Read More »

Sunday, September 22, 2019

Stress-adaptive responses associated with high-level carbapenem resistance in KPC-producing Klebsiella pneumoniae.

Carbapenem-resistant Enterobacteriaceae (CRE) organisms have emerged to become a major global public health threat among antimicrobial resistant bacterial human pathogens. Little is known about how CREs emerge. One characteristic phenotype of CREs is heteroresistance, which is clinically associated with treatment failure in patients given a carbapenem. Through in vitro whole-transcriptome analysis we tracked gene expression over time in two different strains (BR7, BR21) of heteroresistant KPC-producing Klebsiella pneumoniae, first exposed to a bactericidal concentration of imipenem followed by growth in drug-free medium. In both strains, the immediate response was dominated by a shift in expression of genes involved in glycolysis…

Read More »

Sunday, September 22, 2019

Genome-based evolutionary history of Pseudomonas spp.

Pseudomonas is a large and diverse genus of Gammaproteobacteria. To provide a framework for discovery of evolutionary and taxonomic relationships of these bacteria, we compared the genomes of type strains of 163 species and 3 additional subspecies of Pseudomonas, including 118 genomes sequenced herein. A maximum likelihood phylogeny of the 166 type strains based on protein sequences of 100 single-copy orthologous genes revealed thirteen groups of Pseudomonas, composed of two to sixty three species each. Pairwise average nucleotide identities and alignment fractions were calculated for the data set of the 166 type strains and 1224 genomes of Pseudomonas available in…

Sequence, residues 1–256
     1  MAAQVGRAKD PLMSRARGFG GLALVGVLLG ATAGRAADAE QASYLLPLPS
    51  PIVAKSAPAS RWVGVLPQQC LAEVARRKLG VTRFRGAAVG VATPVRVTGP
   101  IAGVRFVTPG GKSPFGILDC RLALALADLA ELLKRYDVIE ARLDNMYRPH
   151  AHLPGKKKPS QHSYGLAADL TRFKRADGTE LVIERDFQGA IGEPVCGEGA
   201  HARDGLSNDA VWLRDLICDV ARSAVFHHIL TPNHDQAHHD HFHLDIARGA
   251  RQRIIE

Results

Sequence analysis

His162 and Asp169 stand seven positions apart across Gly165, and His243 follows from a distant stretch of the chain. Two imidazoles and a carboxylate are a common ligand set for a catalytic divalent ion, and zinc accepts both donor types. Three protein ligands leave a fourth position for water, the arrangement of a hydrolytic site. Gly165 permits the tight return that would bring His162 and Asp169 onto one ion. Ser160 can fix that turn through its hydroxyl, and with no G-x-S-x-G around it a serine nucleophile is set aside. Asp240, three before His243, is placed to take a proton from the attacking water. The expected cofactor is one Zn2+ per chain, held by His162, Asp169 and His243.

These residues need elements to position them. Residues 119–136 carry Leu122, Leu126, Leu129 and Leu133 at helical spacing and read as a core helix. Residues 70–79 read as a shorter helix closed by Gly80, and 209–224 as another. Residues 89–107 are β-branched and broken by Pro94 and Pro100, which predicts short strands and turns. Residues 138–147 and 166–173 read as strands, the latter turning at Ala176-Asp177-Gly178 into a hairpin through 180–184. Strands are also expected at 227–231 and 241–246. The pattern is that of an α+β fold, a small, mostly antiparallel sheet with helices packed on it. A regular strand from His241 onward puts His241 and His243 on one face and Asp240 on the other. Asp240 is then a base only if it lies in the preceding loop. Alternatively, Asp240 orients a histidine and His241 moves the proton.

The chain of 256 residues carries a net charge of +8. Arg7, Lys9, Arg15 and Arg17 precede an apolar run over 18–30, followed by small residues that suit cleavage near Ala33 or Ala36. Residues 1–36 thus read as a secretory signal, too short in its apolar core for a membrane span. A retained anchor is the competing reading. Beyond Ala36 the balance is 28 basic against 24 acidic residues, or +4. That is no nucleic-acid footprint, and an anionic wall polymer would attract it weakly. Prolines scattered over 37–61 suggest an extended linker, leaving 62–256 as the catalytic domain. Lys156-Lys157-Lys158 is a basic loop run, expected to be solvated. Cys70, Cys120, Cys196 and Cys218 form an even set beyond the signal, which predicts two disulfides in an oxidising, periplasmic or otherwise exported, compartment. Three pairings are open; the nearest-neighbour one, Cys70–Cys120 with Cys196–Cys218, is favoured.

Read More »

Sunday, September 22, 2019

Mycobacterial biomaterials and resources for researchers.

There are many resources available to mycobacterial researchers, including culture collections around the world that distribute biomaterials to the general scientific community, genomic and clinical databases, and powerful bioinformatics tools. However, many of these resources may be unknown to the research community. This review article aims to summarize and publicize many of these resources, thus strengthening the quality and reproducibility of mycobacterial research by providing the scientific community access to authenticated and quality-controlled biomaterials and a wealth of information, analytical tools and research opportunities.